The issue of tax exemptions has come under sharp focus following revelations that former president Jakaya Kikwete's administration waived taxes worth close to 8 trillion/- in just the past five years alone.
But top government officials in the Magufuli administration yesterday defended the use of tax exemptions as a tool to court both foreign and domestic investment companies, saying it was a necessary evil.
According to the government's investment chiefs, tax waivers are used by different nation's around the world to woo foreign direct investments (FDIs) and boost local manufacturing industries.
Like other African countries, Tanzania is competing for scarce FDI inflows, hence has to offer some tangible incentives to investor companies, they said.
“This is a global tradition that we, as a country, cannot shy away from ... but there is a lot of misinformation out there among members of the public concerning tax exemptions,” Tanzania Investment Centre's (TIC) acting executive director, Clifford Tandari, told The Guardian.
According to Tandari, even some developed nations such as Ireland and Turkey have also been using tax incentives as a magnet to lure investors and have successfully benefited from the practice.
Likewise, the director general of the state-run Economic Processing Zone Authority (EPZA), Col.(rtd) Joseph Simbakalia, defended tax incentives, saying the government does not waive taxes without conducting thorough research on the beneficiaries and the expected benefits to the national economy at large.
He said government tax is exempted only after a well thought out cost-benefit analysis is done.
Simbakalia explained that most investors who are given tax exemptions have something substantive to offer the country, such as job creation.
“We do not forfeit government taxes just like that ... we have done our research and we have concrete numbers on everything that we carry out," he insisted.
"Look at this on both sides of the coin then you will come to notice the reason why we grant such incentives.”
His sentiments were echoed by the Permanent Secretary in the Ministry of Trade, Industry and Investments, Dr Adelhelm Meru, who also threw his weight behind tax exemptions, saying there was a misconception on the matter.
According to Meru, there was no nation in the world that does not give some sort of tax incentives to investors.
The PS, himself a former director general of the EPZA, said tax exemptions were not only offered to investment companies, but also to various other sectors.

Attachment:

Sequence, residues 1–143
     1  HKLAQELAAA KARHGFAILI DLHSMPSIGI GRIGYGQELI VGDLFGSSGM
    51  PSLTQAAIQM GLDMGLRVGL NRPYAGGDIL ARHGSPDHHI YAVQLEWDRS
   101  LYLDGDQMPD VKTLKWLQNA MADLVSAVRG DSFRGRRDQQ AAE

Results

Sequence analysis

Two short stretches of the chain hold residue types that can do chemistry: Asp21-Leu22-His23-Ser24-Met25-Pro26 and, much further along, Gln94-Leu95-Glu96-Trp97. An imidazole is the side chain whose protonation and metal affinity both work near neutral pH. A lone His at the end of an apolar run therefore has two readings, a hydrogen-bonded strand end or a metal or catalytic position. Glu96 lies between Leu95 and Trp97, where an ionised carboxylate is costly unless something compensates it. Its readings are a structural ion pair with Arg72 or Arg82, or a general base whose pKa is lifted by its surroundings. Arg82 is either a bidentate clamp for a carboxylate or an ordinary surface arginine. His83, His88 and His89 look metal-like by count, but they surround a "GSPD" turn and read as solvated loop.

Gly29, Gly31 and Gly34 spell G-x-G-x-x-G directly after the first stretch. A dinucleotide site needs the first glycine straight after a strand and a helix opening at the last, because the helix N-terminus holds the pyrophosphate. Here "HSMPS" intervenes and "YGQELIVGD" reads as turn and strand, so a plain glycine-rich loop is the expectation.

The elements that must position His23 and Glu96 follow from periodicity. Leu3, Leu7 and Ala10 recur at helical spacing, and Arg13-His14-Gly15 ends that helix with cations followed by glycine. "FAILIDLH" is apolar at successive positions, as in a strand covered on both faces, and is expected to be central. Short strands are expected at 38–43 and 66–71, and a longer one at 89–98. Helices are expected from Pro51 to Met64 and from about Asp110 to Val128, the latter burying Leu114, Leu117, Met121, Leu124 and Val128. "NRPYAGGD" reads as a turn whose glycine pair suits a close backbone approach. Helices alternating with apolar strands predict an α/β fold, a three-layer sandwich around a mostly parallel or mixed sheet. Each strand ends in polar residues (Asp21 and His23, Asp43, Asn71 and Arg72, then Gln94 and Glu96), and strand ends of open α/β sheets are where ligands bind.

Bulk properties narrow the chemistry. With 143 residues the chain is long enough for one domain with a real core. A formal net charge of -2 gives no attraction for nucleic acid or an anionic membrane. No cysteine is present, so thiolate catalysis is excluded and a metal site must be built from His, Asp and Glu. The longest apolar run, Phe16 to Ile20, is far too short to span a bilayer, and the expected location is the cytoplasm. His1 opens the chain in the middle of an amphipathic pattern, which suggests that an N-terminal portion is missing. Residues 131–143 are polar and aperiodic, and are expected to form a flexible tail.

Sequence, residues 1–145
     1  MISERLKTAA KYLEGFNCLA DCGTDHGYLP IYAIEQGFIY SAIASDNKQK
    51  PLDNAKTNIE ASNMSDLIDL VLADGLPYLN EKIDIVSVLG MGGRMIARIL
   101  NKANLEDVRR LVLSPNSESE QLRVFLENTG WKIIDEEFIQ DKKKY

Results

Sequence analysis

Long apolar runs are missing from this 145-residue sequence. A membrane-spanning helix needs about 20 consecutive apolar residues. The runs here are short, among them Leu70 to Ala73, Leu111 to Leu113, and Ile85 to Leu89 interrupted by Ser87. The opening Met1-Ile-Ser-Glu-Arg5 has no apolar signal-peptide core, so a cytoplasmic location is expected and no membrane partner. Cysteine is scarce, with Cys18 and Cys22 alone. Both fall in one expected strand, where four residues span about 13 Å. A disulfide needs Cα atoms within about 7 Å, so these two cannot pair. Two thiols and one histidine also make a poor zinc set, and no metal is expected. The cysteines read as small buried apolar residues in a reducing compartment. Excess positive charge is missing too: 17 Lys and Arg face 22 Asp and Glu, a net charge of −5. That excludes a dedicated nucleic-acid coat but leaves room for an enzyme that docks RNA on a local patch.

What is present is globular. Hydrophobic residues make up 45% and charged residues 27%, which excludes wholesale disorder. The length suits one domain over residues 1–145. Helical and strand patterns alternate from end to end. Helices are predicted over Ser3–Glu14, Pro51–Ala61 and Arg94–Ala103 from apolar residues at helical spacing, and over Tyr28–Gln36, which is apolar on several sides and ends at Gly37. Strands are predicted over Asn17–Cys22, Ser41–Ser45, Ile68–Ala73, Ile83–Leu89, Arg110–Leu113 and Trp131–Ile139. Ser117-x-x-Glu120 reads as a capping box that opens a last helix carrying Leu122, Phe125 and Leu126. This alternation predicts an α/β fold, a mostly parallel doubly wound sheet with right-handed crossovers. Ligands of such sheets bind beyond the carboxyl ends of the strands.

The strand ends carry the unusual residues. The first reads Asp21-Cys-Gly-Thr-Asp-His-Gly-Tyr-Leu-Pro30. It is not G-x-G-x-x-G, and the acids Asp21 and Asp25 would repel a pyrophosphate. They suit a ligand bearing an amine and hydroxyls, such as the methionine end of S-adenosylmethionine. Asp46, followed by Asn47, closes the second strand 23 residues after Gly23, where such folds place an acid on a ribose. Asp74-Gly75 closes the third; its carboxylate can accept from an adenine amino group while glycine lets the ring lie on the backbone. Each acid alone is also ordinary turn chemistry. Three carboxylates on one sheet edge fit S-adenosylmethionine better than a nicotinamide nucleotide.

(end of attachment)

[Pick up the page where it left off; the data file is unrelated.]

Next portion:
“We are in a very competitive world where every country is striving to attract more investors, therefore if we frustrate them, they will definitely not come to our country and we will lose out,” Meru said.
He noted that some countries have even changed the name of tax exemptions to "subsidies" to highlight their importance to the economy.
The recent trend of tax exemptions shows that Tanzania has consistently failed to cap tax waivers to 1 per cent or below of the gross domestic product (GDP).
Latest data from the Ministry of Finance and Planning seen by The Guardian indicate that tax waivers have amounted to 7.78 trillion/- since 2010.
The recent report by the Controller and Auditor General (CAG) slammed government tax exemption as "over-generous", saying they only benefited a few individuals, companies and groups at the expense of the country’s economy.
The tax waivers have even forced the Tanzania Revenue Authority (TRA) to consistently miss its revenue collection targets and in turn compelled the government to borrow heavily to fill yawning fiscal gaps.
It remains to be seen how the Minister for Finance and Planning, Dr Philip Mpango, will tackle tax exemptions in his maiden budget speech on June 9.
Magufuli's government is expected to unveil an infrastructure-heavy budget, with massive public investments in a new standard gauge railway, flyovers, ports, roads and power plants.
A new government initiative to wean itself off donor dependency means that the funding of development projects would have to increasingly rely on domestic financial resources, which are under threat from tax incentives.